This stream of-consciousness approach enables much longer stretches of uninterrupted productivity than what companies are currently able to achieve. However, this approach requires broad integration with industry standards and open APIs, and might include direct integration with Microsoft platforms such as OneDrive, SharePoint, Azure ML, Microsoft Analysis Services, and more. And Google platforms such as Google Drive, Google Analytics, Google Ads, GoogleML, and Google BigQuery.
The Integrated Digital Workplace in Marketing
If we look at marketing teams, for example, we can see how a fully integrated digital workspace improves efficiency, speed and innovation. Marketing teams are highly collaborative and they rely on many tools – they need to connect with all their sales and marketing systems, CRM systems, ABM systems, digital marketing campaigns, and their internal data. And they need to collaborate with creatives, web developers, SEO specialists and content managers both in-house and with agencies.
With a fully integrated digital workplace, one that integrates data analytics, project and information management, chat, and goals-based strategy benchmarking, marketing teams get a full view of their customer journey and customer acquisition costs to help easily manage campaigns, content, events, design and more. And with a single system to record everything, every individual on a marketing team knows what’s going on and can collaborate on the point of impact to drive results. This means:
· Collaboration between the different marketing channels is in one place – SEO, Paid, Social, Affiliates
· More visibility on team priorities
· All data from the different channels is in one place
· Marketing teams often work with external partners – agencies, freelance consultants — digital workplace solutions can make collaboration with external partners easier
Addressing the Big Issue: Cultural
With the focus on technologies, we often miss the most important factor in the success of any new technology evolution: the cultural and adoption issues. What’s unique with the new digital workplace is that it offers the opportunity to resolve issues that were also occurring in the physical office and are now extending remotely as well.
As noted in a recent Forbes article, “The problems that you had in the physical office, you have the same problems in the digital workplace. Is everyone aligned on objectives?” Does everyone understand the work they need to get done?”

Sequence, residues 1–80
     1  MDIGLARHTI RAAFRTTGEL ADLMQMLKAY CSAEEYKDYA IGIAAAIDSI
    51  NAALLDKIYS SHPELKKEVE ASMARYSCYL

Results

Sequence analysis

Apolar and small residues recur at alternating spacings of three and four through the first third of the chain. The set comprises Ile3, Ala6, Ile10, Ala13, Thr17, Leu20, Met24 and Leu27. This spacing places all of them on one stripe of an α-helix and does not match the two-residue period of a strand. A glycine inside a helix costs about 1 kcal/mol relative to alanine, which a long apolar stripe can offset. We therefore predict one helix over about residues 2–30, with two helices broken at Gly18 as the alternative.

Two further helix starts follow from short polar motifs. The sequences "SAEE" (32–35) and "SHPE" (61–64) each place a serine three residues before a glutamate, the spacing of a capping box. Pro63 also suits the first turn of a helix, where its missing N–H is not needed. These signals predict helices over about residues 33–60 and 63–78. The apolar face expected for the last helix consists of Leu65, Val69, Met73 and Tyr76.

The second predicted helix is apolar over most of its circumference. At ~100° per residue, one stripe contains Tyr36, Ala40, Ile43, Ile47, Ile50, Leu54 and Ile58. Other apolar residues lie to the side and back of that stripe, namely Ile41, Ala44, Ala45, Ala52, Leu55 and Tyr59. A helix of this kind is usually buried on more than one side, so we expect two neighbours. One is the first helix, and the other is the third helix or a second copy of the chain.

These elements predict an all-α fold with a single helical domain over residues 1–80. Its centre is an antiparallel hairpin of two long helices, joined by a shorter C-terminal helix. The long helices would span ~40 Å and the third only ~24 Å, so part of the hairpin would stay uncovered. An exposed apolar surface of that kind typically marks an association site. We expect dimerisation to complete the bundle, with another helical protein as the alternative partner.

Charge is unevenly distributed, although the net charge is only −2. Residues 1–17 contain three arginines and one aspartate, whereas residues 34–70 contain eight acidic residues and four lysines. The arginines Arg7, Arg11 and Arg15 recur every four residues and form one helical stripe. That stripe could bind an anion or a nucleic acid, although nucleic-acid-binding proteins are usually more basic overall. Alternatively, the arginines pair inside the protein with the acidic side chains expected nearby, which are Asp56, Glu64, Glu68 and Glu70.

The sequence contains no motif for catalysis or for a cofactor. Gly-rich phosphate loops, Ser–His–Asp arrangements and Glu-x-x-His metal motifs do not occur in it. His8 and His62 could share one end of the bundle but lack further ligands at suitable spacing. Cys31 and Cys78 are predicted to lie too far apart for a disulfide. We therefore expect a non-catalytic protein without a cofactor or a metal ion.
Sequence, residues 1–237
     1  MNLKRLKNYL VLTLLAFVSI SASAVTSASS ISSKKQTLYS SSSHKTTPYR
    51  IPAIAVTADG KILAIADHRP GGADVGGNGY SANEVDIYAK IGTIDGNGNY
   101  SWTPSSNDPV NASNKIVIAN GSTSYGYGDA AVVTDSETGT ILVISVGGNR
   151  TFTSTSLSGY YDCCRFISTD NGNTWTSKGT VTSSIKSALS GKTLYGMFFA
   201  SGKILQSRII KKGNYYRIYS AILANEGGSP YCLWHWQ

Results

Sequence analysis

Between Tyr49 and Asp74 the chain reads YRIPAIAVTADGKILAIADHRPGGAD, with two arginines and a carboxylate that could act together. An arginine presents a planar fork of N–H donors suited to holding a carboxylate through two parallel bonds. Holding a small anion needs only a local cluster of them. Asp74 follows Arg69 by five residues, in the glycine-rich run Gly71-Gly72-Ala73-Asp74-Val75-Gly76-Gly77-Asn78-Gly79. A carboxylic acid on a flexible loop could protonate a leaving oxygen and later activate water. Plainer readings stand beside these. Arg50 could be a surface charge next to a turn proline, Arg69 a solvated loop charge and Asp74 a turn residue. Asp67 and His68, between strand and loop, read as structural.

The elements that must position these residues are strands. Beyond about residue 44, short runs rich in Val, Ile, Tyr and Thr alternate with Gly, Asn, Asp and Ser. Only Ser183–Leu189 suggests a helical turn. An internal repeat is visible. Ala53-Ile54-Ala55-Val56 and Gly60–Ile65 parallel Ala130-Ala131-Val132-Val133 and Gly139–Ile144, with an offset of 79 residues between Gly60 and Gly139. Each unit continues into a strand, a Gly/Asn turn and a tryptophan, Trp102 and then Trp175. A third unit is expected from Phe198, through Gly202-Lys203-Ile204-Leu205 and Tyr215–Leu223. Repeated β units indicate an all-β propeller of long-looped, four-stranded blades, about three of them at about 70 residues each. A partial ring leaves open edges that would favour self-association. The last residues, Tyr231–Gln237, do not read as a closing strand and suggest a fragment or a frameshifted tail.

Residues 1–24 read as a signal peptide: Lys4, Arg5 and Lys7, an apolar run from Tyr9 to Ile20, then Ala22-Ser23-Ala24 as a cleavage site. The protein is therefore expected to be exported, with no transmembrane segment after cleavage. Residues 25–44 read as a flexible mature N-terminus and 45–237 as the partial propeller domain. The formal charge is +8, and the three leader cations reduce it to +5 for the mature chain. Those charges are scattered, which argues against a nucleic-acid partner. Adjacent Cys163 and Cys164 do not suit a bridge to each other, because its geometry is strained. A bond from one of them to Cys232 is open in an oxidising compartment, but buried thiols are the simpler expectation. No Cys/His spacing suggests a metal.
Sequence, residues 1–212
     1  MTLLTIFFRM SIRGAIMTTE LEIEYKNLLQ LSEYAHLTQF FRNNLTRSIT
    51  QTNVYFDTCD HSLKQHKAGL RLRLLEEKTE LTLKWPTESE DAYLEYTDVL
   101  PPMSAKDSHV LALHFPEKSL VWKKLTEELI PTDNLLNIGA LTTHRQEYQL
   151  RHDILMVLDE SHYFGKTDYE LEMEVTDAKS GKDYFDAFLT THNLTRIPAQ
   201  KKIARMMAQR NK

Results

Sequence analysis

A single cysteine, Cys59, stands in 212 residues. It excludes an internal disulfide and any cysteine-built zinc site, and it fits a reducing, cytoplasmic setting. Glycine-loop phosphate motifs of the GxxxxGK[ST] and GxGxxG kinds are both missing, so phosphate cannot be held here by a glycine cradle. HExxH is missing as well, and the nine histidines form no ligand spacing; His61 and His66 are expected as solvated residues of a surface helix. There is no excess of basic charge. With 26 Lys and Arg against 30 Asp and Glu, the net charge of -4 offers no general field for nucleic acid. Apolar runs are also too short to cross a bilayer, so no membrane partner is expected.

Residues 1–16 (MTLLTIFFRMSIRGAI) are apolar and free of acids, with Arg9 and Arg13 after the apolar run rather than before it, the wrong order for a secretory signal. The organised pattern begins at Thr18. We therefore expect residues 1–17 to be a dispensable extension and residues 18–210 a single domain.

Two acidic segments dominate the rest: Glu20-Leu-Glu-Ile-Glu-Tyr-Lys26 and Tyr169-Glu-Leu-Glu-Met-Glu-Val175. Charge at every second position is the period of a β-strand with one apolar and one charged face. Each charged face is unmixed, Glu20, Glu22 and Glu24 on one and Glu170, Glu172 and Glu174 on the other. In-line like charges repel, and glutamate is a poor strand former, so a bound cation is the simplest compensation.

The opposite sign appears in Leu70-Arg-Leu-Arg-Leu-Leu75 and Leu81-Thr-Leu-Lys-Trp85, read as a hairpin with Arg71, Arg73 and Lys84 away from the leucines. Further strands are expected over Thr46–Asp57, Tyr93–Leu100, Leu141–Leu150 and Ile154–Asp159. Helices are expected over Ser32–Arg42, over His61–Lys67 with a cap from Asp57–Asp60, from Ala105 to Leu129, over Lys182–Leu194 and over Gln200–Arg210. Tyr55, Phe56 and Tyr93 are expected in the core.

Providing Transparency — A Missing Element in the Physical or Digital Workspace
From a strategy perspective, digital workplaces must do more than just connect people together. They must also address other workplace challenges that were apparent even when everybody worked in the same building. One of these is a lack of transparency across teams.
A lack of transparency can show up in many different forms: not knowing what other people are working on, not knowing which problems need to be solved, what’s expected of them or where the things they need to do their job are. Basically, not having full visibility into the factors that influence success in their roles.
When teams don’t have transparency, they spend a disproportionate amount of time in meetings and reporting on what they’re working on, rather than actually doing the work.
When leaders don’t have the full picture, they often move to one of two sides of the management spectrum. They will either be super hands off because they don’t know that there are issues blocking progress. Or they will end up deep into the weeds where they can see absolutely everything going on but begin micromanaging while they’re there. Neither of these scenarios benefit performance, which requires a balance of both autonomy and mentoring.
New integrated digital workplaces such as Slingshot from Infragistics provide this transparency across teams, and offer more than simple communications or collaboration.
With this digital workplace, you can:
● Collaborate with your team
● Manage and track tasks, projects, and processes
● Have visibility on engagement and progress
● Pinpoint and resolve any issues or delays in time
● Keep all relevant files and drive insights through data
A Digital Workplace That Connects Everyone to Everything They Need to Get Work Done
To boost team results, a true digital workplace connects everyone you work with to everything they need–content, projects, analytics, and chats. It combines all the digital tools a marketing organization needs for its teams to perform at their highest level. By connecting project management, data, chat, and content management all into one application your limit to productivity is endless.